Probate & Guardianship

Files and maintains records relating to Probate and Guardianship matters.


The Probate & Guardianship division is responsible for maintaining records regarding Caveats, Estates (Formal, Summary & Disposition of Personal Property), Guardianship, Wills and Trusts.


Caveat is a document filed with the Clerk's office by an individual or entity with interest in the estate of a decedent as an heir, beneficiary or creditor. Filing a Caveat will ensure that when an estate is filed the Clerk's office will issue a Notice to Caveater of the estate proceedings. The person or entity filing the caveat then must file documents necessary to protect his interest in the matter.

If the Caveat is filed by a creditor a Statement of Claim should be filed.

Formal Estate proceedings are initiated with the filing of a Petition, which is usually prepared by an attorney. A representative is appointed to become responsible for gathering all estate assets, paying bills and making distribution to the rightful heirs or beneficiaries.

This type of proceeding is used when it is necessary to appoint a representative to act on behalf of the decedent's estate or the assets are so substantial that a Summary Administration will not suffice. The capacity in which the representative will act is determined by the Court at the time of appointment and letters of administration will be issued to the representative so that he/she may administer the estate assets.

Summary Administration may be administered when the value of the entire estate subject to administration does not exceed $75,000.

Disposition of Personal Property Without Administration - The disposition is filed to request release of assets of the deceased to the person who paid the final expenses, such as funeral bills or medical bills for the last 60 days. The Clerk can assist you with the filing of an Application for Disposition of Personal Property Without Administration. The criteria for this type of filing are strict, i.e.: the decedent's assets can only be in the form of non-exempt personal property such as furniture and automobiles. The value of the personal property cannot exceed the sum of the amount of funeral expenses and any necessary medical expenses incurred during the last 60 days of illness.


A guardianship is a legal proceeding in the circuit court in which a guardian exercises the legal rights of a minor or incapacitated person. Guardianships are established for various reasons: An adult who lacks the ability to care for or to make decisions regarding his/her person or financial affairs; a minor who has received an inheritance or person injury settlement; or a minor who is living with someone other than a parent who will need to make decisions about schooling and health care.

A guardian can be an individual(s) or institution (like a bank) appointed by the court to guard over the person only, property only, or both person and property. Persons who have been convicted of a felony cannot be appointed. At the time of appointment the court will determine the guardian's powers to be limited or plenary to exercise some or all rights of the minor or incapacitated person.

Every guardian should become familiar with the powers and duties of a guardian reflected in Section 744.361 of the Florida Statutes. A specific function of the guardian is to file initial and annual reports as outlined in Florida Statutes 744.362 and 744.367.

Guardian Advocate under Florida Statute 393.12

Guardian Advocate Information

Disclaimer: Turning 18 is a joint collaboration between GAPS Legal PLLC and The Florida Bar Foundation. The website does not constitute legal advice and is provided as-is without any warranty or guarantee. Although a lawyer is not required to successfully file a guardian advocate case, you may want to seek legal guidance from a licensed lawyer.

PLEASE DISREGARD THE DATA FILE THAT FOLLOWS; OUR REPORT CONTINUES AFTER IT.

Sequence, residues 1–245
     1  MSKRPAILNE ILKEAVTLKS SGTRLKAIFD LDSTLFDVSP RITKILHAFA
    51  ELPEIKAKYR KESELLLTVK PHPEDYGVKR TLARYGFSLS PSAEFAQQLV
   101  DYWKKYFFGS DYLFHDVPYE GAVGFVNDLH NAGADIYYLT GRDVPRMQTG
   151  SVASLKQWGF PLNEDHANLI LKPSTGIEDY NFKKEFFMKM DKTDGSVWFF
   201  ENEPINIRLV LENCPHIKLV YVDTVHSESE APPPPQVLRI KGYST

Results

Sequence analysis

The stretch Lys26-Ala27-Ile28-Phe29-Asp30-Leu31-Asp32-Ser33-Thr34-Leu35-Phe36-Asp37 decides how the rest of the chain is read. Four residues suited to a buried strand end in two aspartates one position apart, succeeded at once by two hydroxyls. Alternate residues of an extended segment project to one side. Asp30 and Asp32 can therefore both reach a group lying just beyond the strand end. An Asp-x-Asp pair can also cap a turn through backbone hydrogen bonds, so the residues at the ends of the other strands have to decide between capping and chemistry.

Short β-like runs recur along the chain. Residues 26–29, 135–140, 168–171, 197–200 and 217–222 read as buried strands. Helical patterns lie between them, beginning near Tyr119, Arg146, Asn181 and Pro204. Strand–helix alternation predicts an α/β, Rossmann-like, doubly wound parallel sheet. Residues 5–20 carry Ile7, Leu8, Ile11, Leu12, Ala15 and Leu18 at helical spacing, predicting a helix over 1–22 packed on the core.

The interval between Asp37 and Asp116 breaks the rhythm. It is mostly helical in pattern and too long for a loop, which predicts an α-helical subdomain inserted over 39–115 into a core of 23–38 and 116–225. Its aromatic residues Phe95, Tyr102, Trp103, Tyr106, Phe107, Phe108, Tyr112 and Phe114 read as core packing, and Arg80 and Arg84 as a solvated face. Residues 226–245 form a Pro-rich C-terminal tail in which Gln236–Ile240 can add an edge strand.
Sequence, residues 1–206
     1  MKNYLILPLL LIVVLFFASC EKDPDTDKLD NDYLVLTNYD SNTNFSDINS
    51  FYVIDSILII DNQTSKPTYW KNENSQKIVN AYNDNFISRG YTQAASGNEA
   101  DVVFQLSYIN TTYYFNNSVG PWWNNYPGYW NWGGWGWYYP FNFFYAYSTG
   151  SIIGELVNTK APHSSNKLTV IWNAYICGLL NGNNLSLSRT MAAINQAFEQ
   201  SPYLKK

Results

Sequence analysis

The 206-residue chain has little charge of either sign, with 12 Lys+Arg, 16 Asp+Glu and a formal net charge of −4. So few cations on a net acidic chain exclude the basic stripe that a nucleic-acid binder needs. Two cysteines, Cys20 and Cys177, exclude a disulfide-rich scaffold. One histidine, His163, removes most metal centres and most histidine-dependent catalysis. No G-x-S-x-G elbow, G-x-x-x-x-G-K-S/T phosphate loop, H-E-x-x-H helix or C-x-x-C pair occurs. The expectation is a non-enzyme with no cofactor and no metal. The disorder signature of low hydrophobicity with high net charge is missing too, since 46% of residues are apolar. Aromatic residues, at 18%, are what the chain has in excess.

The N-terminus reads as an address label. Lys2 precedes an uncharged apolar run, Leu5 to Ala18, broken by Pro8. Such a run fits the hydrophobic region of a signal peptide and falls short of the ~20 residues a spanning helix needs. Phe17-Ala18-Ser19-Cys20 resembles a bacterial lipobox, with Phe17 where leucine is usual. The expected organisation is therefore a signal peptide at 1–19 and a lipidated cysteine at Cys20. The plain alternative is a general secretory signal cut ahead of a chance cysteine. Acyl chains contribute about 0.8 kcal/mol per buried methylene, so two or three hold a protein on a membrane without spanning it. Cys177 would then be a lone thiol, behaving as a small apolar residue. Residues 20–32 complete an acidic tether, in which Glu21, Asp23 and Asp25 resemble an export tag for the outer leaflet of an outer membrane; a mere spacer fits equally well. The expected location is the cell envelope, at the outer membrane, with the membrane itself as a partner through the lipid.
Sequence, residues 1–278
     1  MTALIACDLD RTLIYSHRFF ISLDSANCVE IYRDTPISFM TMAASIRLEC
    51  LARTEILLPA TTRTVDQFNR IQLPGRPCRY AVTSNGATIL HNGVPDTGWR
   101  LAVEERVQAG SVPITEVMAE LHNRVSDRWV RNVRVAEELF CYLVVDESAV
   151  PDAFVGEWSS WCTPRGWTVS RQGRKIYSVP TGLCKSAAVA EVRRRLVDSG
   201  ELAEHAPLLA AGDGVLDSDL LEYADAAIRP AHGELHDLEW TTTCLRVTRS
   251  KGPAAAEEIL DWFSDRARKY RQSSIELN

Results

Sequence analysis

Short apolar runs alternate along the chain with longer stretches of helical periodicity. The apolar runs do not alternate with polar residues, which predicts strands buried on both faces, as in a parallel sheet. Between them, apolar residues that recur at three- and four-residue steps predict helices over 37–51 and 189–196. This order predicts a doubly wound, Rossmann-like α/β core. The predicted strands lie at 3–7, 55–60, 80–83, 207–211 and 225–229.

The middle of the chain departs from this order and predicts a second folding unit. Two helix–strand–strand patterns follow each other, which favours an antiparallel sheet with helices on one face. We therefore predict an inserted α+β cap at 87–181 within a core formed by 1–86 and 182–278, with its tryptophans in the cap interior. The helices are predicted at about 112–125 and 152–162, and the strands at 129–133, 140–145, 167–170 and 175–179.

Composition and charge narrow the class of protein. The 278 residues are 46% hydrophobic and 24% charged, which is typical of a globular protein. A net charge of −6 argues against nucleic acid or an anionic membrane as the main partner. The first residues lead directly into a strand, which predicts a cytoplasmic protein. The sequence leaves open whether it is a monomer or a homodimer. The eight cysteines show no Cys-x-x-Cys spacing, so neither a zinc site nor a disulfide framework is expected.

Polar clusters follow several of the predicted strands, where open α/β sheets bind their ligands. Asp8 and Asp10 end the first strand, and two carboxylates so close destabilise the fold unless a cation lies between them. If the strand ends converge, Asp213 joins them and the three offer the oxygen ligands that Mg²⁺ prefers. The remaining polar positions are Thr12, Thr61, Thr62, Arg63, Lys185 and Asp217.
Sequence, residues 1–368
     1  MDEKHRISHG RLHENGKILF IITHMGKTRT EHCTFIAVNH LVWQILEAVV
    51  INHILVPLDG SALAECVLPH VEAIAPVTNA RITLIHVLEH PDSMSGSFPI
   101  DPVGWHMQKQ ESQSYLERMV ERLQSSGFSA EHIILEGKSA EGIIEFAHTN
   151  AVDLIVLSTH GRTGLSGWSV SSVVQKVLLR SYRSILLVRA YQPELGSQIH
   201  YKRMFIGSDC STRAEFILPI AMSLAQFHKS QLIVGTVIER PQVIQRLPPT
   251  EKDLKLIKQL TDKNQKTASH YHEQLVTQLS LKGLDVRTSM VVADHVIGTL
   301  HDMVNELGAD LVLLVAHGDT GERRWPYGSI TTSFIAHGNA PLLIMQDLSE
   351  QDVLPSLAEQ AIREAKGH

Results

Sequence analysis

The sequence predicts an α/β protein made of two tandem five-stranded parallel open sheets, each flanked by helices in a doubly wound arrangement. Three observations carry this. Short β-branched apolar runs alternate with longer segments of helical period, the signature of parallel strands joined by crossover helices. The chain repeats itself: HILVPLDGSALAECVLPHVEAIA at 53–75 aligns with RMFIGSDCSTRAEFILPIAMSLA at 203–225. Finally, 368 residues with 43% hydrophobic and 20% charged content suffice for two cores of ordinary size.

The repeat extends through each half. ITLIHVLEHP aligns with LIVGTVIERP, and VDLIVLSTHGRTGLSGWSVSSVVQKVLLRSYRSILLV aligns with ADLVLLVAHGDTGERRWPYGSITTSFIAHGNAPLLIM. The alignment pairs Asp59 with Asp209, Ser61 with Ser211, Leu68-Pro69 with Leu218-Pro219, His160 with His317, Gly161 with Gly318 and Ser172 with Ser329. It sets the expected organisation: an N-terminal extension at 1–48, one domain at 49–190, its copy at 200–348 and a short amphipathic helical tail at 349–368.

In an effort to help guardian's to better understand specific time frames for filing the initial and annual reports, the Clerk has developed a Guardianship Report Scheduler.


A will is defined as a declaration by a person of how he or she desires their property to be disposed of after his/her death. This document is revocable at anytime by the testator and it has no purpose until the death of the testator does occur.

Within 10 days after receiving information of the testator's death, the custodian of a Will must deposit the Will with the clerk of court having venue of the estate, Section 732.901 of the Florida Statutes. Upon deposit the custodian must supply the decedent's date of death or last four digits of the testator's social security number.

Fees and Fines

Summary Administration ($1,000.00 or less) 235.00
Summary Administration (greater than $1,000.00) 345.00
Formal Administration 400.00
Trust Administration 400.00
Caveat/Trust Notice 41.00
Deposit Last Will and Testament of decedent (no probate) N/C
Opening of any estate of one document or more, including but not limited to petitions and orders to approve settlement of minor's claims, enter rooms and places, open a safe deposit box, for the determination of heirs, but not to include issuance of letters or order of summary 231.00
Foreign Guardian to manage property 235.00
Guardianship, person only 235.00
Guardianship, property only or property and person 400.00
Guardianship Inventory Audit Fees 85.00
Guardianship Annual Accounting Report - Audit Fees
$25,000.00 or less 20.00
$25,000.01 - $100,000.00 85.00
$100,000.01 - $500,000.00 170.00
Over $500,000.00 250.00
Guardianship, Veteran's Administration 235.00
Personal Property, disposition w/o administration 231.00
Petition for Determination for Incapacity and Restoration 231.00
Petition/Order to admit foreign wills, authenticated copies, exemplified copies, or transcript to record 231.00
Professional Guardianship 7.50
Summons Issuance, per summons 10.00
Attorney Appearance Pro Hac Vice 100.00
Reopen of Case 50.00
Crossclaim, Counterclaim or Third Party Complaint 395.00